Pakistan Prime Minister Imran Khan’s relationship with the army chief and his mentor of sorts Gen Qamar Bajwa has developed strains over issues concerning the functioning of the government.
Gen Bajwa, the all-powerful army chief, has been unhappy with the overall performance of the Khan-led government, including handling of the Financial Action Task Force (FATF), persons familiar with Pakistan politics and civil-military ties told ET.
The army is of the opinion that it did not face FATF sanctions when Gen (retired) Pervez Musharraf was president, though a number of terrorist groups operated openly, one of the persons cited earlier said. He added that the army also feels that earlier there was less global criticism of people’s disappearances and treatment of religious minorities.
Amid the uneasiness between the two, Bajwa is said to have put his weight behind the recent cabinet reshuffle, which is being seen as an attempt to shift power away from Khan towards nominees of the military.
The new Interior Minister, Brigadier Ijaz Shah, allegedly appointed at the behest of the army chief, was the director of the Intelligence Bureau under Musharraf. Shah is alleged to have run terrorist operations in Jammu & Kashmir when he served in the Inter-Services Intelligence.
When Musharraf tried to nominate Ijaz Shah as High Commissioner to Australia, the Australian government had withheld the ambassadorial appointment. Shah was also accused of playing a key role in harboring Osama bin Laden and was named by Benazir Bhutto as someone plotting to kill her.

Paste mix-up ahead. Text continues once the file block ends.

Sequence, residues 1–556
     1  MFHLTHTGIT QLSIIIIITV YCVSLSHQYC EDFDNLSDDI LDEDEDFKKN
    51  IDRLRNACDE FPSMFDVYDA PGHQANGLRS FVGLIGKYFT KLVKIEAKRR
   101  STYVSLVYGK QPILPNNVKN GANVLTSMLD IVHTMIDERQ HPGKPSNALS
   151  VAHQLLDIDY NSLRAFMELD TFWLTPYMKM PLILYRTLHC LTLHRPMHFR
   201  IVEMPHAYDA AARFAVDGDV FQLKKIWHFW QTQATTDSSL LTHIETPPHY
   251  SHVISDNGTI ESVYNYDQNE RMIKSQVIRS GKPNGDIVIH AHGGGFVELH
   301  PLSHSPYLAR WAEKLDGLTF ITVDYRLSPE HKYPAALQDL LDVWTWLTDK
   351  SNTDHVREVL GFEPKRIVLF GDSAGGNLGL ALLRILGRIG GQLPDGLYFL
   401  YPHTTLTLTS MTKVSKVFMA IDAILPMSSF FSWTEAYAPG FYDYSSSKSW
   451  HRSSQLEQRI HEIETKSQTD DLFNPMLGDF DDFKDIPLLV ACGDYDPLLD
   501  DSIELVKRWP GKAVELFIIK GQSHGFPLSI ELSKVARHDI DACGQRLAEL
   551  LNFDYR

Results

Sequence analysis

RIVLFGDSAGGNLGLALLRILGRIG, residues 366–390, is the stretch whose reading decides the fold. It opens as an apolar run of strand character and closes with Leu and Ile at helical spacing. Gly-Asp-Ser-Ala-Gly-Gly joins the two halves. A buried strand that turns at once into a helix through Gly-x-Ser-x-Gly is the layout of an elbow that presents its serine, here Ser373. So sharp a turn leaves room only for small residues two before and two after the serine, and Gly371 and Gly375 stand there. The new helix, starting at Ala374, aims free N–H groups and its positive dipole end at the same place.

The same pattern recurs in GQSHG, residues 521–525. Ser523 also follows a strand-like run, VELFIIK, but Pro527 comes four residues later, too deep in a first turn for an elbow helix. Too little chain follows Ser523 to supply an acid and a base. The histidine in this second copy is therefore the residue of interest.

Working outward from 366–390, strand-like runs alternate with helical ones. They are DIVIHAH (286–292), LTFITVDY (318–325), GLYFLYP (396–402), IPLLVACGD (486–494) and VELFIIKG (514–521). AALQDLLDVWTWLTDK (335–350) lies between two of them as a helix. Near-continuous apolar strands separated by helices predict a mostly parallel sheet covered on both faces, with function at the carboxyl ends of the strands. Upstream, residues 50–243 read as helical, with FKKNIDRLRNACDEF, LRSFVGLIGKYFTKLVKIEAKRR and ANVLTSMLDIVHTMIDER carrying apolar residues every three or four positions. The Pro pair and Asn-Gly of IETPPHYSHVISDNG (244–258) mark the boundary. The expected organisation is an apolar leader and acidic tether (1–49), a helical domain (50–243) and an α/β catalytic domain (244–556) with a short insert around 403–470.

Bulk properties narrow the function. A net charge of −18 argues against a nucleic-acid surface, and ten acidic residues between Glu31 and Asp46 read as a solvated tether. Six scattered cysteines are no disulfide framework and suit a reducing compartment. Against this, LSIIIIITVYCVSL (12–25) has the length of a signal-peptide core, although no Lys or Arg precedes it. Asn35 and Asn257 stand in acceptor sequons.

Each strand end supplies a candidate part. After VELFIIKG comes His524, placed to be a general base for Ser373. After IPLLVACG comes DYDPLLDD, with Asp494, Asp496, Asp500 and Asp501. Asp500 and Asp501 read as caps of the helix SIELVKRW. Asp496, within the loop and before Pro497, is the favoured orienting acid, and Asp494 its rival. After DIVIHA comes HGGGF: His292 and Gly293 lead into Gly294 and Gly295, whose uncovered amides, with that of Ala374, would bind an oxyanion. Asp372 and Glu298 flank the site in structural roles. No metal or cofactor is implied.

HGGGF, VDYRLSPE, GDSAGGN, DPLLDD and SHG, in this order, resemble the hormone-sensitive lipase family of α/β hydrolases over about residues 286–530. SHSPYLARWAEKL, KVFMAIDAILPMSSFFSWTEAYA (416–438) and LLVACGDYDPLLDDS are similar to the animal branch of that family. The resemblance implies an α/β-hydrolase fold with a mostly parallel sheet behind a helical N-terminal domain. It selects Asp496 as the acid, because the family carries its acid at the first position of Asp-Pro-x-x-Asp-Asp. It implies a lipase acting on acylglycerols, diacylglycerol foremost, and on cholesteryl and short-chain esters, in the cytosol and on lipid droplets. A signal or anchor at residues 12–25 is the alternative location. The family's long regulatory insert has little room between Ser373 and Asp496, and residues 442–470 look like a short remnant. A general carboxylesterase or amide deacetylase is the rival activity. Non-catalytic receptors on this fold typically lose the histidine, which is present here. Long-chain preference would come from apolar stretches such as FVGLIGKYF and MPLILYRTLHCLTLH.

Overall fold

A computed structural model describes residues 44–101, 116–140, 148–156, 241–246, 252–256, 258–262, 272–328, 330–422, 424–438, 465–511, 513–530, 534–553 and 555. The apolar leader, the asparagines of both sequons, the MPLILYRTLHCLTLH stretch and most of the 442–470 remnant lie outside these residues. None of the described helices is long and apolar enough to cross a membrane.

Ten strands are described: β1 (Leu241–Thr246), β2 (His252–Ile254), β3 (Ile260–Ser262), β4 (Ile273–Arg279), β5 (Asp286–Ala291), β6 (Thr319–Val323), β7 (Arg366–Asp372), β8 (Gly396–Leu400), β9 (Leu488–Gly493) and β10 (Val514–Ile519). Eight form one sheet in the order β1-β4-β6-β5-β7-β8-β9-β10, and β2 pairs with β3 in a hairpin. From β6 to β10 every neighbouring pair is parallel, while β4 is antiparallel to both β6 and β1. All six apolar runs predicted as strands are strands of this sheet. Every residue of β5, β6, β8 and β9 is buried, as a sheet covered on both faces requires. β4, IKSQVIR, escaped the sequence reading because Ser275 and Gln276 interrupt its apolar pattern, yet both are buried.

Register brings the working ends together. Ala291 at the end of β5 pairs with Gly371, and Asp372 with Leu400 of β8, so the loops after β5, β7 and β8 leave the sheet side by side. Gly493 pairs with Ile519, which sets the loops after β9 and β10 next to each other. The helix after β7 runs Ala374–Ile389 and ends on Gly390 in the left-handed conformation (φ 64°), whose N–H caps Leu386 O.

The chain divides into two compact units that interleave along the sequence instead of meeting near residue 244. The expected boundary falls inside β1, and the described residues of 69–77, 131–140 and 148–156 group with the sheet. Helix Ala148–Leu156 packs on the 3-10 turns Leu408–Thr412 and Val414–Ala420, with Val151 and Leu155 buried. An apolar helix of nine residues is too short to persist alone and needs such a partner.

Another controversial appointment is that of Nadeem Babar, who is not a member of parliament, one of 16 such persons in Khan’s 47-member cabinet.
Insiders say that Khan now wants to send a signal to the outside world that he is not the military’s puppet and should not be treated as one. ET has learned that Khan has started snubbing Gen Bajwa in one form or the other, which is likely to worsen civilian government-military relations in the coming days.
When Khan went to inaugurate the Mohmand dam on May 2, the army chief requested him to accompany him on his military plane to Mohmand agency Imran apparently refused on the grounds that since he had multiple programs, he would prefer to fly separately.
After the ceremony, Bajwa again requested Khan to accompany him on his plane to Peshawar to discuss important issues, but Imran again avoided it saying he had other engagements.
Recently, Bajwa also requested Imran Khan to offer some conciliatory gestures to the political opposition. However, PM Imran Khan criticized the opposition and refused to announce any conciliatory gestures to the opposition, drawing ire of Bajwa, insiders point out.
According to insiders, Bajwa, who is set to retire in November, wants an extension and he has sought the help of the US to put pressure on Khan for it. However, another rumor
doing the rounds is that Bajwa is undecided about seeking an extension.
Bajwa is also thinking of going to Saudi Arabia to lead the Islamic Army command, following in the footsteps of Gen Raheel Sharif, a former Pakistan army chief, ET has learned. The Saudi assignment is financially lucrative and might be a better way to transition out of the army’s command.
At the last Pak Army Corps Commanders meeting, the commanders asked Bajwa to make sure that the current set up (civil-military) is in working order before he retires, ET has learned.
20 May 19/Monday Source: THE ECONOMIC TIMES